Rural and Environment
Women in Agriculture
It has been a privilege to co-Chair the Scottish Government’s Women in Agriculture Taskforce.
It is mostly made up of women, though a few men are also involved.
They have a range of backgrounds, but all of them have an interest and a stake in the future of farming and food production. They all have real life experience, knowledge and skills to share.
In particular, I want to pay tribute to the drive, energy and enthusiasm of my co-Chair Joyce Campbell. She has been key to the taskforce’s success.
It really should not be that in 21st Century Scotland, the government has had to sponsor and support a taskforce to explore how to ensure that the law, culture and practice of farming and food production fully involves and enables women.
And while it also should not be that women themselves are having to lead this work, I would say this – this is simply too important to leave to men to try and likely, fail to fix.
The taskforce is close to completing its report. Its recommendations will be wide ranging. Some solutions will seem obvious, others less so. There will be short term changes we can make – others are longer term and require cultural change.
That report will mark the end of the beginning.
It will be vital for everyone with an interest in agriculture to commit to act on those recommendations.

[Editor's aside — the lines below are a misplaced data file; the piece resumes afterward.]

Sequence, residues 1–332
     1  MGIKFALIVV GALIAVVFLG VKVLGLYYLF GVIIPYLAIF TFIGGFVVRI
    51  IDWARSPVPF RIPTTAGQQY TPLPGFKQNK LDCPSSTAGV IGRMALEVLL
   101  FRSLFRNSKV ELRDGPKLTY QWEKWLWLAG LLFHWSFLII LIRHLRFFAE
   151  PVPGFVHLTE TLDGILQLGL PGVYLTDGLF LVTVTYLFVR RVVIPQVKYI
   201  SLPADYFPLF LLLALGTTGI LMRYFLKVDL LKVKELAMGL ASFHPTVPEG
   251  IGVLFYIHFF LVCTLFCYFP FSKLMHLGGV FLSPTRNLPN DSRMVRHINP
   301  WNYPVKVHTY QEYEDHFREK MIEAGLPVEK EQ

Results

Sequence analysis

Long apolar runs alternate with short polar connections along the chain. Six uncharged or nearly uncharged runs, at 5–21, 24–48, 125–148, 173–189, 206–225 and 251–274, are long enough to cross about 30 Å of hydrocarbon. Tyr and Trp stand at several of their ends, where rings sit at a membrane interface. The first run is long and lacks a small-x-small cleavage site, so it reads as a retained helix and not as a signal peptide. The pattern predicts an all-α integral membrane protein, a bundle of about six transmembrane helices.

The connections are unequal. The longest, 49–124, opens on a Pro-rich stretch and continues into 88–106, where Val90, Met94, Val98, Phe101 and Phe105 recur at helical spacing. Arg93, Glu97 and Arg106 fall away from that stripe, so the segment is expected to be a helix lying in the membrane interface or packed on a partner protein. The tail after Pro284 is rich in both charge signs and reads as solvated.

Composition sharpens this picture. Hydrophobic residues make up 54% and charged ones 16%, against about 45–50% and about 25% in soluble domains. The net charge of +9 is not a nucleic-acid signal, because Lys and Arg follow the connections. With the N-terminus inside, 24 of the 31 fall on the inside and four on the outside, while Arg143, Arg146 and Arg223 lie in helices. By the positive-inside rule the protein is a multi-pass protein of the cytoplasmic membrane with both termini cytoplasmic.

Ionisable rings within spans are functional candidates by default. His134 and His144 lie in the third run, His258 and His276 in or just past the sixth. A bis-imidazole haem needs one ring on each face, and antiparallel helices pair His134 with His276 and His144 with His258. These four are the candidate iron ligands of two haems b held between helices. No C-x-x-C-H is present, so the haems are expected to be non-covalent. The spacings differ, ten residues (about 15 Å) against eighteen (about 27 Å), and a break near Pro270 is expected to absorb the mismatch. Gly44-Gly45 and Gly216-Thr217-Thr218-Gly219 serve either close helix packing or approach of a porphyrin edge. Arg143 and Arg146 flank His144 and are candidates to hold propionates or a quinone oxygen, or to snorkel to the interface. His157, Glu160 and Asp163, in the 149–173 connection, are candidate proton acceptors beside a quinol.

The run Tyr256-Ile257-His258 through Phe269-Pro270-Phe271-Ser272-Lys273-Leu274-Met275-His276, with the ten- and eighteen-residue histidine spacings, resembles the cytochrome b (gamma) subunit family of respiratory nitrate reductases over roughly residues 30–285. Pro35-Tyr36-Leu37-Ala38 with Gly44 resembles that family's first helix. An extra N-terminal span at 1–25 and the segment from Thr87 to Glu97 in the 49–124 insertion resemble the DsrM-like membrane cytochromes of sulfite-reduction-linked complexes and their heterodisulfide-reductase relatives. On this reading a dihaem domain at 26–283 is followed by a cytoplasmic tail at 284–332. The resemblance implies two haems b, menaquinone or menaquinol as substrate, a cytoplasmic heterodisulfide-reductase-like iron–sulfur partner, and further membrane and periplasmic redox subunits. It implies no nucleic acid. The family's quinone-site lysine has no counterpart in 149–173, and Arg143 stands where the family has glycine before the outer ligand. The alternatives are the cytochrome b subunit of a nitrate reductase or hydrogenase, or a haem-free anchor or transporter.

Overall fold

Doing nothing is not an option.
One of the key things that the taskforce want to see happen is for attitudes to change.
As the taskforce has discovered, that applies to women themselves. Women from rural communities themselves want to be supported in the right way to have confidence in their own undoubted abilities. They want to be able to access the training and support they need on key skills in ways, methods and spaces that they feel comfortable in.
So I am pleased to announce that applications to take part in the first of the three pilot leadership and training programmes is now open.
If you know of any woman in agriculture who might want to connect into a wider network of women and develop their leadership skills please encourage them to apply.
But of course, society needs to change too.
It is neither acceptable nor frankly business savvy for agencies, organisations and companies operating in Scottish farming today to be effectively male only.
So if we can help businesses and organisations to be better and more equitable then we should do so.
But they also need to hear clearly that men only boards and governance structures must be consigned to the past.
So I can also announce that we have appointed Changing the Chemistry, a Scottish registered charity, to provide training to improve the diversity of eight agricultural organisations’ boards, as the first wave of activity in this area.
Farming and crofting simply would not happen without women’s contribution. We now have more women as landholders, owners and farmers in their own right – but it is still only 36%.
Until we reach 50-50, and until we have women properly and appropriately represented in leadership positions, and until women feel supported to play whatever role they want to in this key industry for the rural economy, our work is not done.
Government will play its part and will heed the call, which I hope industry will now support.